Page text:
Vietnam’s National Assembly on Monday ratified a Pacific Rim trade deal abandoned by U.S. President Donald Trump, but still being pushed forward by 11 other members.
The Comprehensive and Progressive Agreement for Trans-Pacific Partnership or CPTPP will take effect at the year’s end after Australia became the sixth nation to ratify it last month.
Trump pulled out of the pact just days after taking office last year, saying multilateral trade agreements cost American jobs and that he would prefer bilateral trade agreements.
The remaining 11-members account for more than 13 percent of the world’s GDP.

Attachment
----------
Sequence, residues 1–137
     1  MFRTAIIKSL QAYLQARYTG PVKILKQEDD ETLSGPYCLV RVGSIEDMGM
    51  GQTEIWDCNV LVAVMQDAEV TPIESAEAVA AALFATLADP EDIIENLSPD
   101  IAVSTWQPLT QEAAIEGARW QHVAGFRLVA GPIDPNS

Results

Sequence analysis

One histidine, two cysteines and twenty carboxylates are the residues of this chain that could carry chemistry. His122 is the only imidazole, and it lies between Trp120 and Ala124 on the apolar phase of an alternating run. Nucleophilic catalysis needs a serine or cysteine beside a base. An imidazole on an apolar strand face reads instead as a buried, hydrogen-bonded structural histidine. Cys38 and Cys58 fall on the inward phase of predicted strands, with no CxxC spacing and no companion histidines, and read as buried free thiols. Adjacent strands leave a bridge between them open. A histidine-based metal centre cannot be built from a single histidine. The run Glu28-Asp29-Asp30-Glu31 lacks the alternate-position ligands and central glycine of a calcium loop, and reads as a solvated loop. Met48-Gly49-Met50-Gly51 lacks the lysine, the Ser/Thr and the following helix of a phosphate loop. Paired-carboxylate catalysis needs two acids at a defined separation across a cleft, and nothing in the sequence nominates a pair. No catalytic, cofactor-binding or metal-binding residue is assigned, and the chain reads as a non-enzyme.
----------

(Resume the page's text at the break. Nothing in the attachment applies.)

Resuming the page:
Vietnam is expected to be one of the members that would most benefit from it with its strong base of exports of cellphones, garments, shoes, seafood and agricultural products. A government study says the pact will boost Vietnam’s GDP by 1.3 percentage points, while exports will also increase by 4 percentage points by 2035.
State-run online newspaper VnExpress reported the legislators unanimously approved a resolution to ratify the pact Monday.
It said the resolution asked government to prepare to take advantage of the trade pact while minimizing the negative impact it poses.
“The government should pay attention to training of human resources to take advantage and sustain opportunities and benefits created by CPTPP and build measures to prevent and handle negative impacts which could occur while implementing it,” the paper quoted the resolution as saying.
New Zealand, Canada, Japan, Mexico, Singapore, Australia and Vietnam have ratified the pact. Malaysia, Brunei, Peru and Chile have yet to ratify it.